Date(s) - 04/30/19 5:45 pm - 7:00 pm
Chicago Council on Global Affairs
Tuesday 04/30/19 Doors open: 5:45 pm Event: 6:00 pm – 7:00 pm
A new generation of innovators is blurring the line between science fiction and fact. From innovations in technological wearables in fashion and healthcare, to helping solve climate change and cancer vaccinations, their research has the potential to fundamentally change how we live. Yet in an age of growing concern about data privacy and security, and faced with the enormous power of artificial intelligence, they must also weigh the broader social implications of their work. Join the Chicago Council on Global Affairs and the Museum of Science and Industry for a conversation with some of the brightest young minds in science and technology, as they chart their journey from simple idea to transformative technology.
Behnaz Farahi is a designer and creative technologist working at the intersection of fashion, architecture and interaction design. Trained as an architect, she explores the potential of interactive environments and their relationship to the human body. She also specializes in physical computing, sensor technologies, additive manufacturing and robotic fabrication technologies. Her work has been exhibited internationally at Ars Electronica, Linz and Context Art Miami, and has been featured in WIRED, BBC, CNN, The Guardian, Frame Magazine, and many more. Farahi has won several awards including Innovation By Design Linda Tischler Award, World Technology Award and is the recipient of the BASA and Madworkshop Grants and the Rock Hudson Fellowship. She has worked with firms such as Adidas, Autodesk, Fuksas Studio, and 3DSystems / will-i-am, and has collaborated with Professor Behrokh Khoshnevis on two NASA funded research projects developing a robotic fabrication technology to 3D print structures on the Moon and Mars. Currently she is an Annenberg Fellow and PhD candidate in Interdisciplinary Media Arts and Practice at the USC School of Cinematic Arts.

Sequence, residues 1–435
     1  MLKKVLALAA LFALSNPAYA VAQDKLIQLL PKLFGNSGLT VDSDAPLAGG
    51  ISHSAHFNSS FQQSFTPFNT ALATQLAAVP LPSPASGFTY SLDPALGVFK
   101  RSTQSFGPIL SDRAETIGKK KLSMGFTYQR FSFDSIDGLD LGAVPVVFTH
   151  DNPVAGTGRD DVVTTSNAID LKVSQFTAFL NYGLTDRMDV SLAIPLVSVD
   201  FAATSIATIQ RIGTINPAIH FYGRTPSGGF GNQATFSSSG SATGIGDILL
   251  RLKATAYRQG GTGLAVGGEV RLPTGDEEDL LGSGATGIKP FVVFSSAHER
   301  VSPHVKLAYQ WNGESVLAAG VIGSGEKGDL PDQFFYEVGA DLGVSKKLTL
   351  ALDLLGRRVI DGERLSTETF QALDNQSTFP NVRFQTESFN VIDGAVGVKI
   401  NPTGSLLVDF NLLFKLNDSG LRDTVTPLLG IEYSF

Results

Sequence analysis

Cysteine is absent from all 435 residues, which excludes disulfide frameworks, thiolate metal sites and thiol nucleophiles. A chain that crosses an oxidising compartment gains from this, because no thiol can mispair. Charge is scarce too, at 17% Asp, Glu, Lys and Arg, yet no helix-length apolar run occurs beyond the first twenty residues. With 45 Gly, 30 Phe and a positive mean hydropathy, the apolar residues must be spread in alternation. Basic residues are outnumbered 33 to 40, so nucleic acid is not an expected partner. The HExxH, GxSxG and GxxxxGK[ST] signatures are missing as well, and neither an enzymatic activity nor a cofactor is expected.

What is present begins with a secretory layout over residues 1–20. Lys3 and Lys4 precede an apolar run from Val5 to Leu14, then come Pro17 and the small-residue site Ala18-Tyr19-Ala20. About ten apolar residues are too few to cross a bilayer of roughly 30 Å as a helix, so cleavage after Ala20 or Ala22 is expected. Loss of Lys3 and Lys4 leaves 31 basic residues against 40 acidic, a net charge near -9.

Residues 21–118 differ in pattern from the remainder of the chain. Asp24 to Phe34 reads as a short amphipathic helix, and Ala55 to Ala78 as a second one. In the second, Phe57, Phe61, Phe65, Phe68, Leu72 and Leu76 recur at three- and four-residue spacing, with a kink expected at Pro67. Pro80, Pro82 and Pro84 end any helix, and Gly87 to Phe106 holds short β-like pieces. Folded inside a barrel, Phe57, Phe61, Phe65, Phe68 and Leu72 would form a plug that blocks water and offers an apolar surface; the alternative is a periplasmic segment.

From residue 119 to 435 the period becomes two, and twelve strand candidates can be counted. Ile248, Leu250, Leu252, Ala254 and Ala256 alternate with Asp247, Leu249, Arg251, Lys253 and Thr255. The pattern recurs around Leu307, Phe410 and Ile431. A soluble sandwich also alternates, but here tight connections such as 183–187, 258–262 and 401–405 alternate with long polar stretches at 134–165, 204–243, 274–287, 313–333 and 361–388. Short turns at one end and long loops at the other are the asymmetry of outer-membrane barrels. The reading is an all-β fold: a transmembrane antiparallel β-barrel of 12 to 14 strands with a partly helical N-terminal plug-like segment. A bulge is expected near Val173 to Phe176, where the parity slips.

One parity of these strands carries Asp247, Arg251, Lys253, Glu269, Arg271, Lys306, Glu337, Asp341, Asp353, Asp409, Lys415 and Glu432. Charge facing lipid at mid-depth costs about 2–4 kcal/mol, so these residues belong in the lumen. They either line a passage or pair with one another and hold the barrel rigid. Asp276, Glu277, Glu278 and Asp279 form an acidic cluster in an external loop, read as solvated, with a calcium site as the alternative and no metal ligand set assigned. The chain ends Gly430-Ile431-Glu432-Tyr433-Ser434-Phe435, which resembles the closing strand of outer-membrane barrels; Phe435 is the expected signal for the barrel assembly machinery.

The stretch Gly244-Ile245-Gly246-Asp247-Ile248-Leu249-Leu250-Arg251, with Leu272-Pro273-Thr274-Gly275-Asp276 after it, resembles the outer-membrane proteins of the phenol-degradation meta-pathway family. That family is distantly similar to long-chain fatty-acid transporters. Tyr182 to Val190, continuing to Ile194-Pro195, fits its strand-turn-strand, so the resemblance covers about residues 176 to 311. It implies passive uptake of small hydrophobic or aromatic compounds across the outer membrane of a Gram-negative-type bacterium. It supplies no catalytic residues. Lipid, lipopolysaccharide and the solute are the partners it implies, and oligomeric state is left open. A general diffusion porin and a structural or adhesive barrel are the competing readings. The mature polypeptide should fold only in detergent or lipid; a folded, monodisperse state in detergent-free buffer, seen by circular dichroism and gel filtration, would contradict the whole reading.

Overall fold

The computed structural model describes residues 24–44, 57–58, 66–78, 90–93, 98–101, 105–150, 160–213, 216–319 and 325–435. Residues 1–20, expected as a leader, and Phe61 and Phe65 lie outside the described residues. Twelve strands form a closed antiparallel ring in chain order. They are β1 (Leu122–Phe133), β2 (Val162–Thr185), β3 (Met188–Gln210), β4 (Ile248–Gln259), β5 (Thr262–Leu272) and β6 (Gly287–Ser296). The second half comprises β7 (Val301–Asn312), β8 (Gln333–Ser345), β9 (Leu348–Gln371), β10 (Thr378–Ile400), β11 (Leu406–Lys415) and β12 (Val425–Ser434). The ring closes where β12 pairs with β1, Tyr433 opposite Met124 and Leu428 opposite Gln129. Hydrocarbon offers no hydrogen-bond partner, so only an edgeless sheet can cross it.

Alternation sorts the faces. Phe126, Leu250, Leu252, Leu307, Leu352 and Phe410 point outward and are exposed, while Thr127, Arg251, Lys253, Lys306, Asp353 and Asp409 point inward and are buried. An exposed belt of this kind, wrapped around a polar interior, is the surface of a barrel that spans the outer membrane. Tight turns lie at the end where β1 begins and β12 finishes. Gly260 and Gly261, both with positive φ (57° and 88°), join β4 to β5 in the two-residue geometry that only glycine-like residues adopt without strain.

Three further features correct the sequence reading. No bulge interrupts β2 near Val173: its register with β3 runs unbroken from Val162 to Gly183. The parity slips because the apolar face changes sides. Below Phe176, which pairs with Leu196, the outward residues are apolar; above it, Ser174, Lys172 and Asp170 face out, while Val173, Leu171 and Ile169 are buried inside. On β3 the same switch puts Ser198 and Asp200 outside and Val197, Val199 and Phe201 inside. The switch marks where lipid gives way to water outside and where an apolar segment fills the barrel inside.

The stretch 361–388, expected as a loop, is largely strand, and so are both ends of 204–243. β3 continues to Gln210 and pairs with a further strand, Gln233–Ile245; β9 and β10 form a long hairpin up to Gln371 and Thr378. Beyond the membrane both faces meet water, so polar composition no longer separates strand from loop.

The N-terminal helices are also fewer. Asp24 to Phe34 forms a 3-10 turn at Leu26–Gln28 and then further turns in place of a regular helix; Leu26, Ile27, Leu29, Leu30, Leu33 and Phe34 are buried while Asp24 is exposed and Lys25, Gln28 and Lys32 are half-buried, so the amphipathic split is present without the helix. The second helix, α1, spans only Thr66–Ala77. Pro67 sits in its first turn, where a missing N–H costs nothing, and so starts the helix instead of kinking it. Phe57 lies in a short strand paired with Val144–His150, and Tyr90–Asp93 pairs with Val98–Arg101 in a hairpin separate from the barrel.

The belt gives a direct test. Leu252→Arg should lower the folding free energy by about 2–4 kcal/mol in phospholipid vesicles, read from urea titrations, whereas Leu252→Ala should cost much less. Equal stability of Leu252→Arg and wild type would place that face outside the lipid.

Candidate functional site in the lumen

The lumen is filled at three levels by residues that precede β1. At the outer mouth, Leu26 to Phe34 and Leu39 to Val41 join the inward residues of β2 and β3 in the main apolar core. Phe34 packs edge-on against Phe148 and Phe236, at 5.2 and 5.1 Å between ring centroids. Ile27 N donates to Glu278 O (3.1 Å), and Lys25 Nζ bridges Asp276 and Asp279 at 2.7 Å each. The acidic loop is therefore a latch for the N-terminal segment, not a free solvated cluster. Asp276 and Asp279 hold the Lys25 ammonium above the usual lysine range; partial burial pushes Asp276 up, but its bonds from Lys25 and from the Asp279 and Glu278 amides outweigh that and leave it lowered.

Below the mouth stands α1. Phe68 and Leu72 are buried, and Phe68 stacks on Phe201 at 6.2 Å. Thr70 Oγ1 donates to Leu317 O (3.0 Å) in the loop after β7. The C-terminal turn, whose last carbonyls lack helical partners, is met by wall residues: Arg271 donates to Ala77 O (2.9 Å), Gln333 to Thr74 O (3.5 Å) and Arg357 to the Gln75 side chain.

Haotian Wang is currently a William Marsh Rice Trustee Chair assistant professor in the Department of Chemical and Biomolecular Engineering at Rice University. His goal is to help solve climate change by using carbon dioxide from the atmosphere as a raw material for green fuels and other chemicals. Wang has already created a method of artificial photosynthesis that’s more efficient than natural photosynthesis in plants. His research focuses on developing novel nanomaterials for renewable energy and environmental applications including CO2 reduction, energy storage, chemical and fuel generation, and water treatment. Wang was named as 2019 Forbes 30 under 30 in Science. He was awarded a Rowland Fellowship and began his independent research career at Harvard as a principle investigator, and was selected as an Early Career Advisory Board member of Nano Letters. He holds a PhD in Applied Physics from Stanford University and a BS in Physics from the University of Science and Technology of China.